Some customers who are Deaf or Hard of Hearing are having difficulty getting picked up on time and communicating with dispatch about it. This could lead to customers waiting in unsafe situations. photo credit: hvandjez msp2016-236 via photopin (license)
Some customers who are Deaf or Hard of Hearing are having difficulty getting picked up on time and communicating with dispatch about it. This could lead to customers waiting in unsafe situations. photo credit: hvandjez msp2016-236 via photopin (license)

The Community Engagement Meeting with METRO Staff will be on Tuesday, Oct. 18 from 12:30 p.m.-2:00 p.m. at the Bayland Community Center, 6400 Bissonnet, Houston, Texas 77074.

The meeting topics that will be discussed with METRO staff include:

  • METROLift same-day policy
  • Feeder Service Pilot Program
  • Pedestrian-Accessible Review (PAR) Program

Since refreshments will be served and METRO will provide ASL interpreters, contact HCIL staff to let them know you wish to attend at 713.974.4621 Voice/TTY or 713-491-2381 V.P.

In a Deaf Network of Texas post, Robert Yost shared how the Houston Deaf and Hard of Hearing Community is impacted by METROLift services, including:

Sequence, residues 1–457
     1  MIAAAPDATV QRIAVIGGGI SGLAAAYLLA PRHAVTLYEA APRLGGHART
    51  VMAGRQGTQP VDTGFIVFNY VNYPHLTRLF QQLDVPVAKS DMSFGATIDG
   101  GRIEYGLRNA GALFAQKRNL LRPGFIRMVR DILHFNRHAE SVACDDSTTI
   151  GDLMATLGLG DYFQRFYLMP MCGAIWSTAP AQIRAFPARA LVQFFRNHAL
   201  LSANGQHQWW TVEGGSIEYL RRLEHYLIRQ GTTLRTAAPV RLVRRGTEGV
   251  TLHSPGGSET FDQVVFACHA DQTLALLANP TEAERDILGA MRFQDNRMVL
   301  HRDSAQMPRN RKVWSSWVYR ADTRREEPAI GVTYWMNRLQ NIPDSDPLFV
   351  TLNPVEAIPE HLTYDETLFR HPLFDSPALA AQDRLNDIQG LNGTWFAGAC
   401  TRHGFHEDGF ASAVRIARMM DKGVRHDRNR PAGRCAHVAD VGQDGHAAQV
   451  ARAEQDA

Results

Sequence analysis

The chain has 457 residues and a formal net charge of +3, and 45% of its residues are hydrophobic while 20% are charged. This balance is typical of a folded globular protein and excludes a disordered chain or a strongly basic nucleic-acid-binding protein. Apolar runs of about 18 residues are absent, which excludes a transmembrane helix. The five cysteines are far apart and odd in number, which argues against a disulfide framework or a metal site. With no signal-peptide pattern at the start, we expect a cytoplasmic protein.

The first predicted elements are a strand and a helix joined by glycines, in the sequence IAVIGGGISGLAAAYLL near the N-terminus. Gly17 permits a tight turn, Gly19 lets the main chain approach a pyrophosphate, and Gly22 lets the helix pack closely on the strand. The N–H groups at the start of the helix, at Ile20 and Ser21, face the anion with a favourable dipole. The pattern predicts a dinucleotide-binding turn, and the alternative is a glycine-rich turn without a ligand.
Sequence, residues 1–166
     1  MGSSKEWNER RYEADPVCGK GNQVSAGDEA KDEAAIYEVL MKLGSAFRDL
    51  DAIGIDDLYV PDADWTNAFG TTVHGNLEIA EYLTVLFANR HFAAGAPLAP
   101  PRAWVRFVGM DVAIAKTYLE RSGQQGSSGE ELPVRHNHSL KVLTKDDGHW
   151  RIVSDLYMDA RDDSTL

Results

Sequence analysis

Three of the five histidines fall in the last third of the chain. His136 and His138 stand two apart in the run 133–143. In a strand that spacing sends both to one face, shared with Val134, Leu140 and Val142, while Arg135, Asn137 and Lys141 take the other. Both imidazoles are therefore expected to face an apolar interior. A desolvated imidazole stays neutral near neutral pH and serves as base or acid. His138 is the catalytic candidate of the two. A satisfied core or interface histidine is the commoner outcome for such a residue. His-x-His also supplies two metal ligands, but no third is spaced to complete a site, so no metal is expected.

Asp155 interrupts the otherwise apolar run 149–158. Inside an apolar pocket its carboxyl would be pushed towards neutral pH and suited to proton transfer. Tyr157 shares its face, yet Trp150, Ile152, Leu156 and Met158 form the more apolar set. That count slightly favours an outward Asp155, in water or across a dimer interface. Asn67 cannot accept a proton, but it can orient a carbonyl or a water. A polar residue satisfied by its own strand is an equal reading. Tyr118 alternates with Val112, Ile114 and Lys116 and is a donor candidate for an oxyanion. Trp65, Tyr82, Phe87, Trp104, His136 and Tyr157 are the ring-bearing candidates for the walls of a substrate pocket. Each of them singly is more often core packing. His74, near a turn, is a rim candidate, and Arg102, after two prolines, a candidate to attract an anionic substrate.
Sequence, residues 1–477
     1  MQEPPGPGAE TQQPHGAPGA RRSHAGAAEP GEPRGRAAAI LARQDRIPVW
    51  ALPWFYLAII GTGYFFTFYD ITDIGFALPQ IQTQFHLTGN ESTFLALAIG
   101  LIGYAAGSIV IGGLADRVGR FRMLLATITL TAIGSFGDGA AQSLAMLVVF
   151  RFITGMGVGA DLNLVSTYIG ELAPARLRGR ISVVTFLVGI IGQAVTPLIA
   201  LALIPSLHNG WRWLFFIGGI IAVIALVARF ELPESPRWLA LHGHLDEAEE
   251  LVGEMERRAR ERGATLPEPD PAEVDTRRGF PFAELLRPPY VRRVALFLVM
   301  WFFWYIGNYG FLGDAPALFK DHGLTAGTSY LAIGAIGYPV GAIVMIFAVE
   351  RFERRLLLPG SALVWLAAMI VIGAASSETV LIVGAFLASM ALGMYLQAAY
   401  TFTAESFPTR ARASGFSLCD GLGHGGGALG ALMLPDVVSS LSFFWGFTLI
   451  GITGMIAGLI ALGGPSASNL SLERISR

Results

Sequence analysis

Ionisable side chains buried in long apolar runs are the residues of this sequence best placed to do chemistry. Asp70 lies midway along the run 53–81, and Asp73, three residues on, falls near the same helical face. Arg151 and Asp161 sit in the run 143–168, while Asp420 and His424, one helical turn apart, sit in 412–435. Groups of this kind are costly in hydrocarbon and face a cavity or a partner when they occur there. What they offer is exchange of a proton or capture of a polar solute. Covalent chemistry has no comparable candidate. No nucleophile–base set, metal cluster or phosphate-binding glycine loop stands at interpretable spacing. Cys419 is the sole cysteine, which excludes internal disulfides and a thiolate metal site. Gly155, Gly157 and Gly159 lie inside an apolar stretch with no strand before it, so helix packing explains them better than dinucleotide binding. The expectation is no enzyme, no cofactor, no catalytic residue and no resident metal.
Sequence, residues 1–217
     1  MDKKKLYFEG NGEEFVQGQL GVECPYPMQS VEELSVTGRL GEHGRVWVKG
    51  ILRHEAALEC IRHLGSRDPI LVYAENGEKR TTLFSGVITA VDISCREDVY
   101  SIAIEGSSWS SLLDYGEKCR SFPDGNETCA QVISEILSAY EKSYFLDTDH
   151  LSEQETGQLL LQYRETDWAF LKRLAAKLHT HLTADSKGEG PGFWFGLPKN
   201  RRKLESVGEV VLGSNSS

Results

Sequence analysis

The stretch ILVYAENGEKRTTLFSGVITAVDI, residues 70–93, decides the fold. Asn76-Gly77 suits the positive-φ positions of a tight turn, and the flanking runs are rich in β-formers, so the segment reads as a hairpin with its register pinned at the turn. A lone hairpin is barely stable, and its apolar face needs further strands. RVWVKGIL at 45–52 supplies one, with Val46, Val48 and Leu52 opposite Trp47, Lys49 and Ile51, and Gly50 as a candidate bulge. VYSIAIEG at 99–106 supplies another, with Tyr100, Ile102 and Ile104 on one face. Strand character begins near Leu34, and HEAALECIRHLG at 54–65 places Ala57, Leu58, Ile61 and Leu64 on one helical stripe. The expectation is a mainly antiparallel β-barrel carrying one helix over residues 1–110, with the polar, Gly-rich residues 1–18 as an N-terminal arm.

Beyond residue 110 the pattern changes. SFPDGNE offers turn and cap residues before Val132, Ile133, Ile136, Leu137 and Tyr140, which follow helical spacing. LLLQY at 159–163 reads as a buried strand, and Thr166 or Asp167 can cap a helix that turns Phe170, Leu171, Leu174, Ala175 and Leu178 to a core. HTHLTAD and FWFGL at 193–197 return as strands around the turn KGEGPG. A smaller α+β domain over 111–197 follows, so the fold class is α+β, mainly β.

• late pick ups,
  • difficulty reaching the dispatcher when pick ups are late, and
  • driver’s favoring hearing consumers and people who are Deaf/Hard of Hearing being dropped off last.

Federal Government Moves to Protect Students with Disabilities

In two recent situations, agencies of the U.S. government are defining the protections offered to students with disabilities. In one instance, the Supreme Court has accepted a case that will better define what are minimum expectations in special education. In another, the Department of Education has asked a Texas agency to respond to allegations that they limited the number of students who could receive special education services.